We no longer check to see whether Telegraph. To see our content at its best we recommend upgrading if you wish to continue using IE or using another browser such as Firefox, Safari or Google Chrome. This year's surge in the price of crude oil is hitting consumers across the world, helping to drive global inflation and is now racing up the political agenda as we use up more and more of the world's limited supplies.
Harry Tchilinguirian, a senior oil analyst at investment bank BNP Paribas in London, explains how oil is traded, who buys oil, why the oil price is spiking and how high oil may go. While Paul Mortimer Lee, global head of market economics at BNP, explains why the oil price matters to us all. Futures contracts are financial instruments and carry with them legally binding obligations. Buyer and seller have the obligation to take or make delivery of an underlying instrument at a specified settlement date in the future.
Oil futures are part of the derivatives family of financial products as their value 'derives' from the underlying instrument.
Crude Oil Futures Trading - Should You Invest in Them?
These contracts are standardised in terms of quality, quantity and settlement dates. There are futures markets for a number of instruments ranging across currencies, bonds, equities, interest rates and commodities. In the case of crude oil, the main futures exchanges are the New York Mercantile Exchange NYMEX and the Intercontinental Exchange ICE where West Texas Intermediate WTI and North Sea Brent crude oil are traded respectively.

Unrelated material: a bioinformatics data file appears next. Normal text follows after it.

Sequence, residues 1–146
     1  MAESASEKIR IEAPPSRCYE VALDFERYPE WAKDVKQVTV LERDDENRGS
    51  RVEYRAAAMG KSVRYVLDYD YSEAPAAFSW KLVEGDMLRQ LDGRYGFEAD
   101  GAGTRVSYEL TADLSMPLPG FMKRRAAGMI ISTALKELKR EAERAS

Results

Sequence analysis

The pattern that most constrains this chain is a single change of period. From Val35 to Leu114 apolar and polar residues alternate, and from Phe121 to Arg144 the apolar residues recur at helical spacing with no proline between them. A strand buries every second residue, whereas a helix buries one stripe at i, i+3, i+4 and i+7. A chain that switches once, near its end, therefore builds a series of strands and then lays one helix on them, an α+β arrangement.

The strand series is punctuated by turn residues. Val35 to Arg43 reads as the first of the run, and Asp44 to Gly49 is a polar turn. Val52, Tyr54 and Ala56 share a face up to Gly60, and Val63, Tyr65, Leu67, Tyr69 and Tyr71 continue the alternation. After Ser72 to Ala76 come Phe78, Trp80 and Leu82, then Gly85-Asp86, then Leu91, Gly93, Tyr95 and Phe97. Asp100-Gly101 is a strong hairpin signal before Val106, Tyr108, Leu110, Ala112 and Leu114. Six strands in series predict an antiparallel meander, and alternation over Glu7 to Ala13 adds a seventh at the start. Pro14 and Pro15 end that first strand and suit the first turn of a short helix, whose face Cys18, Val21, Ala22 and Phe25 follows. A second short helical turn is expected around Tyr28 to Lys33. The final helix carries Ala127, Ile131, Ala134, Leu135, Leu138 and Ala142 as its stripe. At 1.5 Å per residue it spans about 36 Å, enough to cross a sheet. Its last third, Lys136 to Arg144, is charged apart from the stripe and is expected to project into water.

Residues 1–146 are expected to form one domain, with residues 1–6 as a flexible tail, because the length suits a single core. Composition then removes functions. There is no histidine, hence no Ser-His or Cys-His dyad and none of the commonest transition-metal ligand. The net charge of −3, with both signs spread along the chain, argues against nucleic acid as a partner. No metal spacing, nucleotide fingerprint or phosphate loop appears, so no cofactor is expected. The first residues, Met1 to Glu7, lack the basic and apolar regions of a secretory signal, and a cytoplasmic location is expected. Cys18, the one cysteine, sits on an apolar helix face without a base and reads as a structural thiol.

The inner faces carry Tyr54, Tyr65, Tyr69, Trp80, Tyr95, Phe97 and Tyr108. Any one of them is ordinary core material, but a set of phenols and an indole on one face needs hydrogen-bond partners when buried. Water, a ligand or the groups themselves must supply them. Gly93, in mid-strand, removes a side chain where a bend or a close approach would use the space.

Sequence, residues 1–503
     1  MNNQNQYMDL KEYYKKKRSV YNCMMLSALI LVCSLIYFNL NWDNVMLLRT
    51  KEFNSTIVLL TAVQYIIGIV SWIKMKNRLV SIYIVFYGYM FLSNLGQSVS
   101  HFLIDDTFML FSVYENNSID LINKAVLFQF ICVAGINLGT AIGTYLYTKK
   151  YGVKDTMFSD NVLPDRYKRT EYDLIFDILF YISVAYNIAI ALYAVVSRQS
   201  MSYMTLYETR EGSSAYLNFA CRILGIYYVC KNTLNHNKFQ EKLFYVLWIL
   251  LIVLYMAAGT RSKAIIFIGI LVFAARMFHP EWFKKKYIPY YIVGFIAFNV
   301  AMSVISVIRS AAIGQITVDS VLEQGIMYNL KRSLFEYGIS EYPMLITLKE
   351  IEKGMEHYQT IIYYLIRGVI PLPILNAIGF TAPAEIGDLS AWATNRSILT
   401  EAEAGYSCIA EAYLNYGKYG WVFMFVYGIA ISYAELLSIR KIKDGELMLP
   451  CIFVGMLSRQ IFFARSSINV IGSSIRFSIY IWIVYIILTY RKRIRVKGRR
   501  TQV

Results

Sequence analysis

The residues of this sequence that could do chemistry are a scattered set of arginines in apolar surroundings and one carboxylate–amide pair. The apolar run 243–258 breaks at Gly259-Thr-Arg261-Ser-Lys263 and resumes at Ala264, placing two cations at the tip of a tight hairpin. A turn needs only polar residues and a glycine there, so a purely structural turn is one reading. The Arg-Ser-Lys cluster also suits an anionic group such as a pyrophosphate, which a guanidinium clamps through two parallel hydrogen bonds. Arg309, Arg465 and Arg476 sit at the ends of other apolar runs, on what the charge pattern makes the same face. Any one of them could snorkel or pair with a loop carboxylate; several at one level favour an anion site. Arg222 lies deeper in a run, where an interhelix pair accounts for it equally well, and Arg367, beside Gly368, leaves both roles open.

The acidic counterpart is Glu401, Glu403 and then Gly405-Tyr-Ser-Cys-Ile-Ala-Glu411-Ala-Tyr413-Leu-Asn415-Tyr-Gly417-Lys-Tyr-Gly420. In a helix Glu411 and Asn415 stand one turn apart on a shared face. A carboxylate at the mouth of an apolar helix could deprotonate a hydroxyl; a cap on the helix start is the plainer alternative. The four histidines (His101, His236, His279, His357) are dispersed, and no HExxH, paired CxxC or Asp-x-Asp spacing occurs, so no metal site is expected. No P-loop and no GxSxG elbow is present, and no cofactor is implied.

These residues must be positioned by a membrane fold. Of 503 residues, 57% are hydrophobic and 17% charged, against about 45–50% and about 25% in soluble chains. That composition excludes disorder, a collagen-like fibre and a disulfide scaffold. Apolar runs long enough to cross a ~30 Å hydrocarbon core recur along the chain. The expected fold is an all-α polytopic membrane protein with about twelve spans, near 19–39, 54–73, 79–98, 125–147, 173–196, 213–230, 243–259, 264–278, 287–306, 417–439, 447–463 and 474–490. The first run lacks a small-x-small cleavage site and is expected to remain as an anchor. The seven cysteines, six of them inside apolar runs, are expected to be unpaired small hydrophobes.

These exchanges trade what is referred to as 'light- sweet' crude oil and a single contract, or 'lot', calls for the purchase or sale of 1, barrels of oil. Traders can buy and sell oil for delivery several months or years ahead. The bulk of activity in commodity futures markets is typically concentrated on oil for delivery in the next three months. However, in the past five years, activity has increased substantially for deliveries much further into the future as more investors put money into commodity indices.
In the last couple of years, investor interest has grown in commodities, which are now regarded as an alternative asset class to equities or bonds. Participants on futures exchanges include companies - those that have an interest in the instrument for their daily business for example in the case of oil: These companies typically seek to off-load the risk of volatility in the price of oil and are thus referred to as 'hedgers'.
On the other side, there are the so-called 'speculators', typically banks and other financial institutions with a view on the direction oil prices will take.
How To Buy Oil Options | Investopedia
They assume the risk and provide liquidity to the market. Futures contracts are traded on regulated futures exchanges. Trading can take place through electronic dealing systems, open outcry around a pit or a combination of both. To trade on an exchange, you need to be a member of that exchange. Exchange members can trade on their own account or they can execute orders for hedgers or speculators.